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Zen Jeweler: When Basketball Was Really Played With a Basket

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Parables by Jeff McCandlessThere’s no basket in basketball … but there once was.  
 
In 1892, when James Naismith nailed a peach basket to the wall of a gym, basketball was born. 
 
It took the game’s first proponents a year however to figure out the game would be a whole lot more fun if they didn’t have to use a ladder to recover the ball every time a basket was made. So they replaced it with one that had a hinged bottom.  
 
But the real story is that it took another 10 years until they realized it would be OK to remove that hinged bottom, so the ball would just go through the basket every time. That was a total of 11 years and two innovations to get to the point where it was easy to retrieve the ball in a basketball game. 
 
More than 100 years later, we can’t imagine having a basketball hoop with a bottom, and we can’t imagine it took 11 years to come up with those two simple changes. Seems like a no-brainer, right? 
 
THE TAKEAWAY: Listen to the innovators on your staff. They are holding a net in their hands right now.

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It’s Going to Set Us Up Very Nicely for Retirement

You’ve worked hard all your life. And if you’re like most jewelers contemplating retirement, you’re hoping that your going-out-of-business sale will add to your nest egg — with minimal complications. That’s exactly what Doug and Jacki Friedrich, fourth-generation owners of Friedrich Jewelers Inc., of Vernon, Conn., experienced when they selected Wilkerson to run their sale. “Jewelers who are contemplating a sale should go with Wilkerson because of their experience,” says Doug. And with financial goals “exceeding expectations,” the couple can now focus on enjoying the next chapter of their lives. “It’s going to set us up very nicely for retirement,” says Jacki. “The money’s coming in and we have no complaints. It’s been wonderful.”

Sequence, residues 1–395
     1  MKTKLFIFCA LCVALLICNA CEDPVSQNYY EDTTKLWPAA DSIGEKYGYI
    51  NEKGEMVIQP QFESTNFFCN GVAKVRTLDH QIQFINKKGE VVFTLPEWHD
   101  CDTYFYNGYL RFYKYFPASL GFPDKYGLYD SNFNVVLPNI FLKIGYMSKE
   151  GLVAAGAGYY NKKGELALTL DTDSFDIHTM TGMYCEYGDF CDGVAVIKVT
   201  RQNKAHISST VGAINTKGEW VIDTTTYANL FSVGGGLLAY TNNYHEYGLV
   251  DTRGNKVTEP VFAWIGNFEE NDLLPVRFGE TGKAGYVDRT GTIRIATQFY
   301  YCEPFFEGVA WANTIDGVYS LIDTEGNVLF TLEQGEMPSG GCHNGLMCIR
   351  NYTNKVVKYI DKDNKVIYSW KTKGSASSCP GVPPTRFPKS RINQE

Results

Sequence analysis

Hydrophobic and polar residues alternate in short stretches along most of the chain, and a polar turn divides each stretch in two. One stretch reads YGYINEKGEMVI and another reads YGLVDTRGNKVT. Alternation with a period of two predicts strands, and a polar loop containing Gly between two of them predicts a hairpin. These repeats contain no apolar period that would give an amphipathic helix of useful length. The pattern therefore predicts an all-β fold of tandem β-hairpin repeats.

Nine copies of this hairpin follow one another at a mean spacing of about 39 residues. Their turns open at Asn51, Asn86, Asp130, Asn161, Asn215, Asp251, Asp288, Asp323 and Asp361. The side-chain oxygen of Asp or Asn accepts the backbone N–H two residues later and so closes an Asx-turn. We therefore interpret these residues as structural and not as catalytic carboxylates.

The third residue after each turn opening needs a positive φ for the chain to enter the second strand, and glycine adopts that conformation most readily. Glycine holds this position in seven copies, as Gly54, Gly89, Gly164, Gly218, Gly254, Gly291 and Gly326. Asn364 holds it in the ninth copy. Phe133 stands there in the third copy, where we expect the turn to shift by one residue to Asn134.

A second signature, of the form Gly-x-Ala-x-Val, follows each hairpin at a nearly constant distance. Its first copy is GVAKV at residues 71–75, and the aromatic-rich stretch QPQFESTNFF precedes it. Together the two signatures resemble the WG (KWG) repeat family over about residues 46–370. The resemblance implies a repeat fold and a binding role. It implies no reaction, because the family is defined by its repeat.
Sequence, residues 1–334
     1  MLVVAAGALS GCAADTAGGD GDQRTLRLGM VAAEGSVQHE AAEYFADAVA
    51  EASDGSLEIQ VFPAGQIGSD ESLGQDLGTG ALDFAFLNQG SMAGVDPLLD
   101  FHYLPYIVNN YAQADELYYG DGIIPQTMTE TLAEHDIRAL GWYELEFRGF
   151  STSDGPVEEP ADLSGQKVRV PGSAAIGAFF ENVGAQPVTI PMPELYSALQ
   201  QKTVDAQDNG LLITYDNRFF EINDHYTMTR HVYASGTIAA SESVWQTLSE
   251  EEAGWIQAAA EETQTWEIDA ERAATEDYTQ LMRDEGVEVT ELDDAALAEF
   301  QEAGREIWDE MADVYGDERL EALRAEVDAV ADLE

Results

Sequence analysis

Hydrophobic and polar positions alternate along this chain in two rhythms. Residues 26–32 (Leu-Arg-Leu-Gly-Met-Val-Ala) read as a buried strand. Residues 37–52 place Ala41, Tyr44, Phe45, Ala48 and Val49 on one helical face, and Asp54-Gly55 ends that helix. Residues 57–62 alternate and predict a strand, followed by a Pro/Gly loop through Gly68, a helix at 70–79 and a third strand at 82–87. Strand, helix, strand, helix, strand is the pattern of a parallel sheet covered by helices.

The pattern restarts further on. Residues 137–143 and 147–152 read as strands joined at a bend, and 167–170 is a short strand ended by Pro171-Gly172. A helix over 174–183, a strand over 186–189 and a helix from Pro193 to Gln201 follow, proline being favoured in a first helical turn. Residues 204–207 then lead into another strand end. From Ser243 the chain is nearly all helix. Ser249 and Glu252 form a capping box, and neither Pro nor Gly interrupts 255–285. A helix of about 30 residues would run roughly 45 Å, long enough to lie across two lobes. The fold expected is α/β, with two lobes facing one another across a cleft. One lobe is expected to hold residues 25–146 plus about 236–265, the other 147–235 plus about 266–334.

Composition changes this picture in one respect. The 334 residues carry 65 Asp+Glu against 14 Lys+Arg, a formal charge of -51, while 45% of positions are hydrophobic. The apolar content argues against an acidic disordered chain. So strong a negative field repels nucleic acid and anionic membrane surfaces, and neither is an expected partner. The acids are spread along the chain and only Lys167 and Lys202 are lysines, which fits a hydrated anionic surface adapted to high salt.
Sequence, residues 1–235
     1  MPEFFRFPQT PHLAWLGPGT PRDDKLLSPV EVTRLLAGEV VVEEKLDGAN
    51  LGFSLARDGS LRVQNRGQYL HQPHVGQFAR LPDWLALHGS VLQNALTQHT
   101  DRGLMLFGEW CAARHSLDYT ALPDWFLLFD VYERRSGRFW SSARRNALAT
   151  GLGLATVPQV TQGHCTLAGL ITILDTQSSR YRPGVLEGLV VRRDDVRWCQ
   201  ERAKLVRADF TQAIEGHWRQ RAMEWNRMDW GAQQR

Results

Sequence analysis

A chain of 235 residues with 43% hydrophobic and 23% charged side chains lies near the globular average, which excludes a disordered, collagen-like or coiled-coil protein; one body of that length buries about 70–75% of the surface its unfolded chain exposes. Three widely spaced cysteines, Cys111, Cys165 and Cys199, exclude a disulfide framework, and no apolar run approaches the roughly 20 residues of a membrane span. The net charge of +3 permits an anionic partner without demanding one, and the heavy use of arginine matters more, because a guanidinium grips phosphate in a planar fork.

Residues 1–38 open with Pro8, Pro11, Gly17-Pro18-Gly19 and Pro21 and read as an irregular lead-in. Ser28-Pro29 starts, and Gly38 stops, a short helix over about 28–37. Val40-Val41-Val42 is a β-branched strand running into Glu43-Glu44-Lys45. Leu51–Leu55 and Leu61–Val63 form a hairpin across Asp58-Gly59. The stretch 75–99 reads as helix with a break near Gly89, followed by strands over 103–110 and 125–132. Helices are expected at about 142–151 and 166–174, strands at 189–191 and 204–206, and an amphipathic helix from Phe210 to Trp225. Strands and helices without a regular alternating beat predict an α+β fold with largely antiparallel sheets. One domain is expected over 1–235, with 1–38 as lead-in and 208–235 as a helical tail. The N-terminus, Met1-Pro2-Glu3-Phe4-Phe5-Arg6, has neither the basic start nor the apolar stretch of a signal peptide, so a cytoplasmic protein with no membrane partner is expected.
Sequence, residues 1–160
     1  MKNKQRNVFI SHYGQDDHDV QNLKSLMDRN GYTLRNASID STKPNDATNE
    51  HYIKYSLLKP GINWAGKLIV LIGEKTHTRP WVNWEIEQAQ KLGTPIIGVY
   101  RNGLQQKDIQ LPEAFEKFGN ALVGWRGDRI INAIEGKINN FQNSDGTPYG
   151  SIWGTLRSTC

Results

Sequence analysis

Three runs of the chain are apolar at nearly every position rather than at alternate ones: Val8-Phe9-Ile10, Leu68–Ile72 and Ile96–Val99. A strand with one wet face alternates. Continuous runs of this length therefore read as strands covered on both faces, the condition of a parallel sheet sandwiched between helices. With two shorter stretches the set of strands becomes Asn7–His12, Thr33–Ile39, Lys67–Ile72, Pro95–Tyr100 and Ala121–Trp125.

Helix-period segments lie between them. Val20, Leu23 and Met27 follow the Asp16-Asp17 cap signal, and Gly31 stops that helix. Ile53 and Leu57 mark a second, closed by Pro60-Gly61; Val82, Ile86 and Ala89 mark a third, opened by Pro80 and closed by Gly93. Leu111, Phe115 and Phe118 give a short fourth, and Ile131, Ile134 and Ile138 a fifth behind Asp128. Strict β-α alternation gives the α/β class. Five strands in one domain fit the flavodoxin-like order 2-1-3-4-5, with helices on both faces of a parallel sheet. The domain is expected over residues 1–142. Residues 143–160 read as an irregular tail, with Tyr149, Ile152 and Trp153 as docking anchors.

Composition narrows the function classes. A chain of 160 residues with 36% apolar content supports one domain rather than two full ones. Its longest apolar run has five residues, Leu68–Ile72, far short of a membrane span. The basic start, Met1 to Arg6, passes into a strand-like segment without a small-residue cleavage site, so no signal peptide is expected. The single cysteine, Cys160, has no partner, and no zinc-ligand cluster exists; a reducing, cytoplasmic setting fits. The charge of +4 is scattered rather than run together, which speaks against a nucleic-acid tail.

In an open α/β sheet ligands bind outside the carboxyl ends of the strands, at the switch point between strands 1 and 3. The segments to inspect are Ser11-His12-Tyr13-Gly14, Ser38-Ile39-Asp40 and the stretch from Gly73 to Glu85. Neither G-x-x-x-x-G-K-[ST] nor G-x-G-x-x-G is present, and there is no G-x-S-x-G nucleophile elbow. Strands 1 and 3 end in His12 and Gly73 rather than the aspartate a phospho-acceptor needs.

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Zen Jeweler: When Basketball Was Really Played With a Basket

mm

Published

on

Parables by Jeff McCandlessThere’s no basket in basketball … but there once was.  
 
In 1892, when James Naismith nailed a peach basket to the wall of a gym, basketball was born. 
 
It took the game’s first proponents a year however to figure out the game would be a whole lot more fun if they didn’t have to use a ladder to recover the ball every time a basket was made. So they replaced it with one that had a hinged bottom.  
 
But the real story is that it took another 10 years until they realized it would be OK to remove that hinged bottom, so the ball would just go through the basket every time. That was a total of 11 years and two innovations to get to the point where it was easy to retrieve the ball in a basketball game. 
 
More than 100 years later, we can’t imagine having a basketball hoop with a bottom, and we can’t imagine it took 11 years to come up with those two simple changes. Seems like a no-brainer, right? 
 
THE TAKEAWAY: Listen to the innovators on your staff. They are holding a net in their hands right now.

Advertisement

SPONSORED VIDEO

It’s Going to Set Us Up Very Nicely for Retirement

You’ve worked hard all your life. And if you’re like most jewelers contemplating retirement, you’re hoping that your going-out-of-business sale will add to your nest egg — with minimal complications. That’s exactly what Doug and Jacki Friedrich, fourth-generation owners of Friedrich Jewelers Inc., of Vernon, Conn., experienced when they selected Wilkerson to run their sale. “Jewelers who are contemplating a sale should go with Wilkerson because of their experience,” says Doug. And with financial goals “exceeding expectations,” the couple can now focus on enjoying the next chapter of their lives. “It’s going to set us up very nicely for retirement,” says Jacki. “The money’s coming in and we have no complaints. It’s been wonderful.”

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